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Alaudidae (1 Viewer)

Richard Klim

-------------------------
Alström, Barnes, Olsson, Barker, Bloomer, Khang, Qureshi, Guillaumet, Crochet & Ryan (in press). Multilocus phylogeny of the avian family Alaudidae (larks) reveals complex morphological evolution, non-monophyletic genera and hidden species diversity. Mol Phylogenet Evol. [abstract]

Generic-level implications...
  • Pseudalaemon > Spizocorys
  • Melanocorypha leucoptera > Alauda
  • Calandrella rufescens, C cheleensis, C raytal, C athensis > Alaudala Horsfield & Moore, 1856
  • Mirafra hova > Eremopterix
 
Last edited:

Peter Kovalik

Well-known member
Slovakia
TiF

Alström, Barnes, Olsson, Barker, Bloomer, Khang, Qureshi, Guillaumet, Crochet & Ryan (in press). Multilocus phylogeny of the avian family Alaudidae (larks) reveals complex morphological evolution, non-monophyletic genera and hidden species diversity. Mol Phylogenet Evol. [abstract]

Generic-level implications...
  • Pseudalaemon > Spizocorys
  • Melanocorypha leucoptera > Alauda
  • Calandrella rufescens, C cheleensis, C raytal, C athensis > Alaudala Horsfield & Moore, 1856
  • Mirafra hova > Eremopterix

June 22 TiF Update
 

gusasp

Well-known member
Few groups of birds show the same level of disagreement between taxonomy based on morphology and phylogenetic relationships as inferred from DNA sequences.

Certainly true. This must be one of the most mind boggling outcomes of a phylogenetic study yet, up there with the Cinnamon Ibon and Hylocitrea albeit on a genus level.

As usual on a closer look, the new relationships are more intuitive than I first thought. I think there's a psychological effect in here somewhere. If I think two specific species are related, I focus on (and all the bird guides focus on) what's similar, not the differences. In Collins, the Greater and Lesser Short-toed Larks are even painted in a similar stance. Then a new study comes along that reveals new relationships. Suddenly the differences appear in front of you, as do the "new" similarities.

For example, Horned Larks and Greater Short-toed Larks do have similar songs. I can also buy the White-winged Lark being an Alauda (superficially similar Mongolian Larks are a lot more Melanocorypha-like in structure and appearance) and also Madagascan Lark in Eremopterix.

But I have a really hard time accepting the new placement of Dupont's Lark. As sister to Dunn's Lark and part of a clade containing Melanocorypha and Alaudala (Lesser Short-toed Larks and allies). The song is different, the structure, behavior, everything. Previous studies have Dupont's Lark basal, probably sister to Alaemon. Those of you who have access to Ahlström et al (2013), how robust is this new placement? Surely it must be an error?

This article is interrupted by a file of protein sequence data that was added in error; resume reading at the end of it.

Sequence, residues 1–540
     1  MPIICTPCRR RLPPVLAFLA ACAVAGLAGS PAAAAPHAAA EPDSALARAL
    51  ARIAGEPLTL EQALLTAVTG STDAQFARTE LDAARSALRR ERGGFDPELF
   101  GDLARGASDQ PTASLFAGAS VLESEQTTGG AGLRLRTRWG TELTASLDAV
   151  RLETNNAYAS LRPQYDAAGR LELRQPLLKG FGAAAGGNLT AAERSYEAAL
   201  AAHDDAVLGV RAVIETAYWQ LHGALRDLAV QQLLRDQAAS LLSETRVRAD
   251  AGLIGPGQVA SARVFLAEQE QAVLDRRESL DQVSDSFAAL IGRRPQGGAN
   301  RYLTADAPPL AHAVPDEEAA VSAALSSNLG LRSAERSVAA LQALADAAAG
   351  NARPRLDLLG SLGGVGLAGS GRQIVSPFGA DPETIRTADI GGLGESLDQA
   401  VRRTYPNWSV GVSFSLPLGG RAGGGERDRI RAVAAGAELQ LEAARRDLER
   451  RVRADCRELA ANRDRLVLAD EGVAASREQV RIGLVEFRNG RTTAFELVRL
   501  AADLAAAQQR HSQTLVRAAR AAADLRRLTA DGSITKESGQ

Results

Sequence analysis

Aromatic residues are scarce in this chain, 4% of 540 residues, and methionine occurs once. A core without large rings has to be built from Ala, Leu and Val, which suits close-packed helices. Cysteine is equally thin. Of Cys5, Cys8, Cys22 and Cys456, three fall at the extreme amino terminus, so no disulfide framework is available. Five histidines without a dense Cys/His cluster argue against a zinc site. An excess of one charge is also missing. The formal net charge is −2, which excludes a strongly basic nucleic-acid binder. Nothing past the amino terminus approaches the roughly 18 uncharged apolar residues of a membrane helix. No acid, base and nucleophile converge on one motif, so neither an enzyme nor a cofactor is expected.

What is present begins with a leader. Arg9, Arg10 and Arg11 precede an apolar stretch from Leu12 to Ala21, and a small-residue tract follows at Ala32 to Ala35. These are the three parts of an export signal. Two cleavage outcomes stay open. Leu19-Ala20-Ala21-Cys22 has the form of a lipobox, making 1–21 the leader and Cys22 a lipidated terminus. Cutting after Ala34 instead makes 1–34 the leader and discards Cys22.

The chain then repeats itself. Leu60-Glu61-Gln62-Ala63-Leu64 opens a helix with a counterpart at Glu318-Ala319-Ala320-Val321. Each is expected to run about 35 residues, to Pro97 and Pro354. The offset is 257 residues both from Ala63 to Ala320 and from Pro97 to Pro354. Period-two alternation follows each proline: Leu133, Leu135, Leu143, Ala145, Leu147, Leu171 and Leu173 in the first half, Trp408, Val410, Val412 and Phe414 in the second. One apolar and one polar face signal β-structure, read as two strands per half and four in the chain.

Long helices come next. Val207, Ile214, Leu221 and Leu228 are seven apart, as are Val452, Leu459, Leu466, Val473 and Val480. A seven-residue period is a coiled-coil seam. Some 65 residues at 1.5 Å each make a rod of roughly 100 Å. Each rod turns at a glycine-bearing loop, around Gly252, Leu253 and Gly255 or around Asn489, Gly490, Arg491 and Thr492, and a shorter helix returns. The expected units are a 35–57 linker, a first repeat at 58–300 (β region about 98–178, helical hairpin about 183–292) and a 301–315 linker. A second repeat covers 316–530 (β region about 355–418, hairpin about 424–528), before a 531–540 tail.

Richard Klim

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Chersophilus & Eremalauda

But I have a really hard time accepting the new placement of Dupont's Lark. As sister to Dunn's Lark and part of a clade containing Melanocorypha and Alaudala (Lesser Short-toed Larks and allies). The song is different, the structure, behavior, everything. Previous studies have Dupont's Lark basal, probably sister to Alaemon. Those of you who have access to Ahlström et al (2013), how robust is this new placement? Surely it must be an error?
Alström et al...
Within clade A1, the unexpected sister relationships between the two monotypic genera Chersophilus and Eremalauda (A1b) and between this clade and the Calandrella rufescens–cheleensis–raytal–athensis complex (A1a) are well supported by the data. The strongly supported sister relationship between the Calandrella cinerea–brachydactyla–acutirostris complex (A1d) and Eremophila (A1e) is equally surprising. All of these relationships are recovered in SLAs of two unlinked loci and are not contradicted by any other SLAs, and the A1d + A1e clade also receives support from an indel in the ODC alignment. Accordingly, these relationships all seem robust. Eremalauda dunni often has been placed in Ammomanes (Meinertzhagen, 1951; Pätzold, 2003; Peters, 1960; Wolters, 1979 [subgenus Eremalauda]), but a close relationship with the type species of this genus (A. cinctura; clade C1b) is strongly refuted by the present study. Meinertzhagen’s (1951) placement of Chersophilus in Certhilauda (together with e.g. Alaemon and Chersomanes), based on especially bill structure and behaviour, is strongly rejected by our data.
...
The similarities in size, structure and plumage between the two distantly related clades of traditional Calandrella (here recognised as Calandrella and Alaudala; cf. de Juana et al., 2004; Fig. 3) are likely the result of either retained plesiomorphies or parallel evolution. The similarity between the north African/west Asian Eremalauda dunni and Afrotropical Spizocorys starki, between the Western Palearctic Chersophilus and Afrotropical Certhilauda, and between the north African/west Asian Ammomanes and Afrotropical Ammomanopsis (cf. de Juana et al., 2004; Fig. 3) provide examples of close morphological similarity evolving independently in similar environments. In contrast, the dissimilarity between Ammomanopsis and its closest relatives, Chersomanes and Certhilauda, suggests strong divergence in the former.